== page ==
The problem of the mores of the day is heightened in the Indian Context where the judges sometimes do not share class consciousness as the majority of the population and therefore often have a drastically different set of moral and ethical values from that of the majority. The ,mores of the day then end up becoming the mores of certain educated elites who have come to control power in post-colonial India. At the risk of generalisation, one could easily point to the example of environmental litigations in India to bear out the arguments. Judges have often been sympathetic to environment causes 9like automobile pollution) which trouble the urban middle class (with whom the judges often share a consciousness rather than those which are important to the rural poor. Cardozo brushed this issue aside by saying that the different moralities of the different judges would cancel each other out.21 Testing Formulations of the Social Mind. Cardozo hoped that judges, by employing the method of sociology, were coming to adopt a more experimental attitude; he wanted them to treat their proposed principles as provisional and subject to revision or revocation. He also hoped that they would continue to attempt to synthesize a range of cases and factual situations within general principles. The ideal mindset would be one in which legal hypotheses that "cannot prove their worth and strength by the test of experience, are sacrificed mercilessly and thrown into the void."22 The practice of common law would thus be revitalized by acts of bold conjecture and careful refutation. An effective, unsentimental judicial "eugenics" could thereby be achieved. Cardozo occasionally suggested that the inculcation of an experimental disposition would suffice to ensure that judges employing the method of sociology to settle hard cases would produce, over time, legal rules reflecting unbiased readings of the social mind. This is not satisfactory. For he had to this point only developed an argument that judges of a certain disposition would leave their formulations of the requirements of the social mind open to rebuttal by contrary evidence. But from where would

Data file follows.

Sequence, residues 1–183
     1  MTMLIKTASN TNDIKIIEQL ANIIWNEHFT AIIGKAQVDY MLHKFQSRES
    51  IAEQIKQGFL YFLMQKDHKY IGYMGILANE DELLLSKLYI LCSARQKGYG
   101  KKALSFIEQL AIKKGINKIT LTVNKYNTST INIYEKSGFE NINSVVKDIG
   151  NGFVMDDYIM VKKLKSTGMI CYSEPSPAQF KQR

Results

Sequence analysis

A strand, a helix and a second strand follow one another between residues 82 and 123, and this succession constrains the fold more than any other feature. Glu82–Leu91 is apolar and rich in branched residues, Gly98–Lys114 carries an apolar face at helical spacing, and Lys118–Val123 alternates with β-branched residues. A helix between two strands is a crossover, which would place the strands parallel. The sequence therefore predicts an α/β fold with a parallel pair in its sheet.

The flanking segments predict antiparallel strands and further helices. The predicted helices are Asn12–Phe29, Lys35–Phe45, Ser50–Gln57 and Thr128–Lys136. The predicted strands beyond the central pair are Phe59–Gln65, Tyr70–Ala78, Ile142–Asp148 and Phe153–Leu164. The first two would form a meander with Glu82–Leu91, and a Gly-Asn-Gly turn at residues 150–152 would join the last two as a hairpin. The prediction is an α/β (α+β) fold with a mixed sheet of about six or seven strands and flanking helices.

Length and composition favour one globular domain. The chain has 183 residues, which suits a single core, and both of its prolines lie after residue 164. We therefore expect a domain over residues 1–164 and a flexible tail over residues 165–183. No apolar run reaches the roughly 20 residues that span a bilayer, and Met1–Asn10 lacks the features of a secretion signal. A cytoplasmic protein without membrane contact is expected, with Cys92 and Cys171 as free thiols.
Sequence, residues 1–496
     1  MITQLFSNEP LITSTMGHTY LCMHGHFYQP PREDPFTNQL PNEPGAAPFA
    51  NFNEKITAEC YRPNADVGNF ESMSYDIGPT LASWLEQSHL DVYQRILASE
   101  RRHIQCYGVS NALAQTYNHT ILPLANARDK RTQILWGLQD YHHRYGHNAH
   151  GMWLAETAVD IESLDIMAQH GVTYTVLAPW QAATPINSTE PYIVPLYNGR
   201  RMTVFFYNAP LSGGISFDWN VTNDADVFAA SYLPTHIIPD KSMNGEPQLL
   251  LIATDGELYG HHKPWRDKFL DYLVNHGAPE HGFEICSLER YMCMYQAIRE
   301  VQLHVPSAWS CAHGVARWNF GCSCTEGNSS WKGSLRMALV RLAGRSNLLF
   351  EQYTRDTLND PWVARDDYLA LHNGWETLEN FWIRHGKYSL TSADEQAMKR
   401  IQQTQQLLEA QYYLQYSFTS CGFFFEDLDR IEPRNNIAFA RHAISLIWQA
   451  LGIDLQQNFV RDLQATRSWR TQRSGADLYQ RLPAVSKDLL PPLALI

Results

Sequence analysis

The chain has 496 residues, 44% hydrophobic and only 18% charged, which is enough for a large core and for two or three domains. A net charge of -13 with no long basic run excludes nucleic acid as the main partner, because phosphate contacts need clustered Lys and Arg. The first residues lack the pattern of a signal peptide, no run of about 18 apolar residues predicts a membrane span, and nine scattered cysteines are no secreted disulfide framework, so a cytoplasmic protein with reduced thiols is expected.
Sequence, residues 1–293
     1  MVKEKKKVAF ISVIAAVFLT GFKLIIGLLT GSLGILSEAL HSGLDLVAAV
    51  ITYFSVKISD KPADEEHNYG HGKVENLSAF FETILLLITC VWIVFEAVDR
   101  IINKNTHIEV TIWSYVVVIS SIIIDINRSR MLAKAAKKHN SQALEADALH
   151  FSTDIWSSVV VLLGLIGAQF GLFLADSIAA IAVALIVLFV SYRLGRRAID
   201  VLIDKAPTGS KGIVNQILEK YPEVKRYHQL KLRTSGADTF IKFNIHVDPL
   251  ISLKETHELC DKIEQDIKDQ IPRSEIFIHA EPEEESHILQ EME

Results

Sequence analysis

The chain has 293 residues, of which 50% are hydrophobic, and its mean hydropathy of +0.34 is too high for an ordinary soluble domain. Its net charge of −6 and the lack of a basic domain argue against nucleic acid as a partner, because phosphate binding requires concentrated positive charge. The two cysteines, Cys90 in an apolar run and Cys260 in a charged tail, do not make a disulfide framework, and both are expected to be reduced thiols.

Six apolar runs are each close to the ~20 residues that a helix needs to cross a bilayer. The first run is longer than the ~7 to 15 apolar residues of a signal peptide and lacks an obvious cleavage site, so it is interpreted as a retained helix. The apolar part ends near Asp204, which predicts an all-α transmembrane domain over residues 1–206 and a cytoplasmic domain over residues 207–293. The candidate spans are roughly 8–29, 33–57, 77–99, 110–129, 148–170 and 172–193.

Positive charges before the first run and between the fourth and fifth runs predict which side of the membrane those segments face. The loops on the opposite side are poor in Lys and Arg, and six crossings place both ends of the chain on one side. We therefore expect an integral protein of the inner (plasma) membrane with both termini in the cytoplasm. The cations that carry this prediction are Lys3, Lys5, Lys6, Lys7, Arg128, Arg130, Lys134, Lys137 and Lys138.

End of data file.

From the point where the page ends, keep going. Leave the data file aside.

21 http://www.manupatra.co.in/newsline/articles/Upload/A149DB6F-9D09-4B63B963-D493286739D5.pdf 22 WEBER, LAW IN ECONOMY AND SOCIETY (1954)
that evidence come?23 Against what standard must hypothetical rules designed to articulate and promote a set of moral norms be asked to prove their worth? Cardozo's response was to encourage judges to rely on the social sciences, and in particular the fledgling science of sociology. The method of sociology, unlike the others, is aptly named. The final test of the validity of judicial readings of the social mind is the "systematic studies" of "scientists and social workers." Good judges will do their homework and take judicial notice of all the relevant information available on a particular subject. Ultimately, then, Cardozo had considerable faith in the information provided by both "applied" social science and expert agency research. one sense, Cardozo failed to deliver what he felt it was necessary to provide. He never delivered an algorithm to tell judges how to satisfy the conflicting demands of stability and growth. Instead, Cardozo did provide an analysis of adjudication that shows why it is realistic for judges to believe that they can consciously adapt the law to changes in social mores without undermining the rule of law.24 This argument culminated in his exposition of the style of adjudication called the "method of sociology." By this method, judges are to examine legal issues and decide certain cases by direct reference to the mutually recognized obligations that form the core of their communities. But to understand the method of sociology fully, one must first recognize that Cardozo intended the scope of its application to be limited to cases that surpass a certain threshold of difficulty. Moreover, even in these cases, the method of sociology is but one of four methods of reasoning on which a judge might rely.